As Williamstown Commons cases spike, lawmaker rips state for lag in testing
WILLIAMSTOWN — The number of coronavirus cases continues to swell in Williamstown Commons, according to a Berkshire lawmaker who slammed the state Department of Public Health for not making the outbreak at the nursing home a priority.
State Rep. John Barrett III, D-North Adams, said Friday that there has been an increase of 14 positive tests since Thursday, when 36 residents were positive for the coronavirus. So far, three residents have died.
A spokeswoman for Berkshire Healthcare Systems could not be reached to confirm the new figures, and it was not known how many of the new cases were staff or residents.
The three deaths, and the spike in positive cases, coincide with the escalation of the pandemic regionwide and are worrisome, given a slew of other virus-related deaths at nursing homes in the state.
Two residents died of COVID-19 in a 24-hour period midweek, bringing the death toll there to three. Local lawmakers praised precautions taken by company leadership early in the pandemic but say they were stymied by the state's testing criteria, which limit it to certain symptoms and known exposure to the virus.
Once inside a nursing home, the virus can ravage residents compromised by their age and other health problems.
Barrett's comments come a day after he called Health and Human Services Secretary Marylou Sudders, urging her to do whatever must be done to allow for universal testing within the building in order to contain the outbreak.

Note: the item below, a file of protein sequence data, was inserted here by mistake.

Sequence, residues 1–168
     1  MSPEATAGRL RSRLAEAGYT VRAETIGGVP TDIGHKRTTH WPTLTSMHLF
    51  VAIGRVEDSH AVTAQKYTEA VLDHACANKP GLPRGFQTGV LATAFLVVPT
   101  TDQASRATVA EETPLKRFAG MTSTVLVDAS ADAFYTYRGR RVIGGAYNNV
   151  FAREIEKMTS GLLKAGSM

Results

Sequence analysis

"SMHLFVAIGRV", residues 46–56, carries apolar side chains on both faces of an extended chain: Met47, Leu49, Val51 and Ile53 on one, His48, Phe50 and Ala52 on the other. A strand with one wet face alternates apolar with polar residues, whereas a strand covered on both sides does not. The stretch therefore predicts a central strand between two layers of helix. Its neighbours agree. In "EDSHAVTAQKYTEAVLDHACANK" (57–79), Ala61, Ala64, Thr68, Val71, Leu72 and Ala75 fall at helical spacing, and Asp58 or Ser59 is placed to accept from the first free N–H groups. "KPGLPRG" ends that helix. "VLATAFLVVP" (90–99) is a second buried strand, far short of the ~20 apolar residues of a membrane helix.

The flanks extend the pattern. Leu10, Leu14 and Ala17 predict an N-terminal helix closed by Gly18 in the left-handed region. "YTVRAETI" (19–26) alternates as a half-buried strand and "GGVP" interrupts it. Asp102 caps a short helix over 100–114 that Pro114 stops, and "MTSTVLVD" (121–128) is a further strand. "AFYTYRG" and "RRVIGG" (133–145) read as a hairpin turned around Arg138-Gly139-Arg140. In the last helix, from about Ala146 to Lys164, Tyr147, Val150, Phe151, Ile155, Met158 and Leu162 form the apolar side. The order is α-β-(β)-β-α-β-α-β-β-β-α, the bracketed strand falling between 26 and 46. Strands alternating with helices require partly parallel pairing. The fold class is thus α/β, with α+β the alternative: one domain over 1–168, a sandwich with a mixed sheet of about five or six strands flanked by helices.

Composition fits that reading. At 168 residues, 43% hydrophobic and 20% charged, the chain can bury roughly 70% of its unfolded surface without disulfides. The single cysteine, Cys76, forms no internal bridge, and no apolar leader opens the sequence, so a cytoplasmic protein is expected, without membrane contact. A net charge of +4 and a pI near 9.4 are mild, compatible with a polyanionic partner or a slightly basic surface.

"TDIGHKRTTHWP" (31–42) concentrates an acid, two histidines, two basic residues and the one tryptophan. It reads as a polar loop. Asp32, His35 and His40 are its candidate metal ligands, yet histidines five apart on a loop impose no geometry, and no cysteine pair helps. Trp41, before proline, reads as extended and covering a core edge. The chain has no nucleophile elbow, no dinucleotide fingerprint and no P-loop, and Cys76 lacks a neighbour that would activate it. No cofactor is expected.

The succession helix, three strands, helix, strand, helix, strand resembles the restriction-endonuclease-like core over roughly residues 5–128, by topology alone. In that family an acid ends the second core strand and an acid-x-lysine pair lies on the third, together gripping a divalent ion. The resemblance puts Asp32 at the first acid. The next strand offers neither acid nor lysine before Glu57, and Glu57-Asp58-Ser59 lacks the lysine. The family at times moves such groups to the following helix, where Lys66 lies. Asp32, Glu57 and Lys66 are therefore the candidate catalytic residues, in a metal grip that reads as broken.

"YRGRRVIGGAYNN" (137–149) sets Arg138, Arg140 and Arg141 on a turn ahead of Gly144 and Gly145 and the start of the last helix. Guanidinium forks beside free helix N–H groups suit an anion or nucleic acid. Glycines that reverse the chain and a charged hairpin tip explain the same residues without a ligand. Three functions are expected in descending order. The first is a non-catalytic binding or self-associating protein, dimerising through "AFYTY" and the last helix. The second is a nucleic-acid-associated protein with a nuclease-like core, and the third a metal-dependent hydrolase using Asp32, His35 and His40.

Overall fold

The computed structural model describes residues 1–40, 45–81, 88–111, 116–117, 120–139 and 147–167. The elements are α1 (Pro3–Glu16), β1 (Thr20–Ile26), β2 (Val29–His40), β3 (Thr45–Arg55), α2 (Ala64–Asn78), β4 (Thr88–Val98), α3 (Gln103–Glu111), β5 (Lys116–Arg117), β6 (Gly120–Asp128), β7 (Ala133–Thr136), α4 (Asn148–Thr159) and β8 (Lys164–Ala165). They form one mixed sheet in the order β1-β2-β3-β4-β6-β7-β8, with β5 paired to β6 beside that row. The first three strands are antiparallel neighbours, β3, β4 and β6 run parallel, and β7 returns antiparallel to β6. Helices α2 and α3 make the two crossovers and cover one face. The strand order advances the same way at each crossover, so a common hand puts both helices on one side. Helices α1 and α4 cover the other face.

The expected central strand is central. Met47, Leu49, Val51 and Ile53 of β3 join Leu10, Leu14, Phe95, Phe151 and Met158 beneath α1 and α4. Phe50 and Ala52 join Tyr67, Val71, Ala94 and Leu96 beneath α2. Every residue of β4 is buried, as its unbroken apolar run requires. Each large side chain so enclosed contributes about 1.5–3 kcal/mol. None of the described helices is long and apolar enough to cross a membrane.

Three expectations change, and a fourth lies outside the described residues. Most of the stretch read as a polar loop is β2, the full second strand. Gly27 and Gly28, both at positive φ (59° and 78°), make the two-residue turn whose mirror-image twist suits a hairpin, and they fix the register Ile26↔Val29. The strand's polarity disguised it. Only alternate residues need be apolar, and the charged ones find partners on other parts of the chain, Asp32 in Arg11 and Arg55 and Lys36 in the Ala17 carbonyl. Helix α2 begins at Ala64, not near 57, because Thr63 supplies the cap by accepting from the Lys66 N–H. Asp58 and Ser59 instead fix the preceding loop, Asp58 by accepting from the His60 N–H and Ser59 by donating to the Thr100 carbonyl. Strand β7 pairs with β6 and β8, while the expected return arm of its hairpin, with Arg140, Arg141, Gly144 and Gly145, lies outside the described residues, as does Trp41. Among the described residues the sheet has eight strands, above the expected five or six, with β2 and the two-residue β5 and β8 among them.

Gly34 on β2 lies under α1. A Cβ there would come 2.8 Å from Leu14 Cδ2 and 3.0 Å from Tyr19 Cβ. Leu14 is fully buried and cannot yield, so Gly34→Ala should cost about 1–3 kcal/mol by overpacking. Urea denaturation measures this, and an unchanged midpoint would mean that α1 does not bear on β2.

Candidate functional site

A spokeswoman for Sudders pointed to a new testing program for nursing homes launched this week in partnership with the National Guard, but it remained unclear how that might apply to Williamstown Commons.
On Friday, Barrett trained his fire on the state Department of Public Health for not sending an official to the nursing home to assess risk and for not dropping its guidelines in order to expand testing.
"They haven't been monitoring the situation at all," he said. "I called DPH on the night of March 26 to get them on-site because of 11 positives. I said, `All hell is ready to break loose.' Over the next two weeks, it happened all over the state."
Seven residents at a Norwood nursing home who tested positive for the coronavirus have died, and at least three of those are attributed to complications from COVID-19, a facility official said Friday. And the National Guard responded Friday to a nursing home in Littleton to test residents.
But, at Williamstown Commons, which has more than 130 residents, there has yet to be any such action from the state.
"They've done everything right in this situation," Barrett said of the staff and administration. He noted that all the company's facilities closed to visitors March 12, before the state-mandated lockdowns began. "They've been held hostage by the DPH guidelines."
Barrett and state Rep. William "Smitty" Pignatelli, D-Lenox, also are pushing the state to send more tests to the Berkshires.
"We are a petri dish of this disease," Pignatelli said, noting the elevated rate of cases and deaths per capita. "We should be priority."
And Pignatelli said widespread testing should be triggered sooner in nursing homes.
"One death, automatic testing," he said.
Heather Bellow can be reached at email@example.com or on Twitter @BE_hbellow and 413-329-6871.
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